This fear of asking for help is acutely felt by individuals from under-represented communities. For them, the biggest enemy is cultural conditioning: the process through which we absorb and interpret the influences, norms, and messaging from our environment and translate them into what we believe to be acceptable behaviors. For individuals from under-represented communities, change therefore implies going against family expectations. In addition, individuals from under-represented communities tend to want to fit in, and doing something different makes one stand out. Coach Tanya sums it up well when discussing her work with individuals from under-represented communities: they “already have the inherent belief that they are always going to have to work and try harder, which then is coupled with the cultural belief of there only being one correct path to success which you are not allowed to leave.” All of this conspires to make individuals in general, and individuals from under-represented communities in particular, inherently resistant to change.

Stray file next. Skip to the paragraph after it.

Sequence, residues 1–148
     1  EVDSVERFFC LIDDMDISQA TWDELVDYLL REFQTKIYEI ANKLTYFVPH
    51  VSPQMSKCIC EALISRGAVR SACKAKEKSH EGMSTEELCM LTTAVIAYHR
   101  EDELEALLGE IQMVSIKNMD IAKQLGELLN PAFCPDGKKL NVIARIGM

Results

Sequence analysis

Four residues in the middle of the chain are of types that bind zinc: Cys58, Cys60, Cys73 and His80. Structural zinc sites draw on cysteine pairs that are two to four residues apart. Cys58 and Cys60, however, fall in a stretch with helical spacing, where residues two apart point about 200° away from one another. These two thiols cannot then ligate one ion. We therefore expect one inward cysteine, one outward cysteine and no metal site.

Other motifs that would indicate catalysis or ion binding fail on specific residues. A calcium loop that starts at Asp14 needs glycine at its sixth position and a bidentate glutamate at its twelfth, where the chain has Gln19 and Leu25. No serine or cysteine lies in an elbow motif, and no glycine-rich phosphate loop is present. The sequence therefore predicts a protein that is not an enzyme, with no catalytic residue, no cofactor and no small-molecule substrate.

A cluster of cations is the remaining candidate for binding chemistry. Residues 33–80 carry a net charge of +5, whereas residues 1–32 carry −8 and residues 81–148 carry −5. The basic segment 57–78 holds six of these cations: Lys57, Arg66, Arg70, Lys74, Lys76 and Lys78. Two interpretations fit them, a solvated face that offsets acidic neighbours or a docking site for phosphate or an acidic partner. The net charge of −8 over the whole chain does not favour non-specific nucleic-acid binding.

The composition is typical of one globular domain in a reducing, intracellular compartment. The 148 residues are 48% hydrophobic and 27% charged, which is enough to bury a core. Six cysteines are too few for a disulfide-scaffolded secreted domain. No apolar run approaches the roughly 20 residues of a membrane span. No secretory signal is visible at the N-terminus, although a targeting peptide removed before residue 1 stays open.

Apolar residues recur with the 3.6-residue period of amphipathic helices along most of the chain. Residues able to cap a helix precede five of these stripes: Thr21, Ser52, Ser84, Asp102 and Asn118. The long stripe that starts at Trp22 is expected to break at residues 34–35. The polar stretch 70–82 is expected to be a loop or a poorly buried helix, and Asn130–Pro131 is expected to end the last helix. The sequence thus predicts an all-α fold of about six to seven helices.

Creating conscious change
How is it possible to deal effectively with change? How can any of us create change? Based on her experience, Coach Tanya has developed her own methodology: the 7C Cycle. At the foundation of the 7C Cycle is the idea that change is constant and happens in cycles. As a result, individuals must adapt to change in order to evolve. The dinosaurs tell us what we need to know about what happens to beings that do not evolve in the face of radical change. We all navigate micro changes, but the key to personal growth is conscious and greater change which requires a lot more effort.
Conscious change involves choosing to want to change or deal with change as a first step. Change is an active choice to make, it will not wash over you passively. After that, you need courage to go through the process of change, during which you build confidence. Confidence grows when you see the decision to change as an active one, and creates a positive flywheel enabling you to make choices more readily.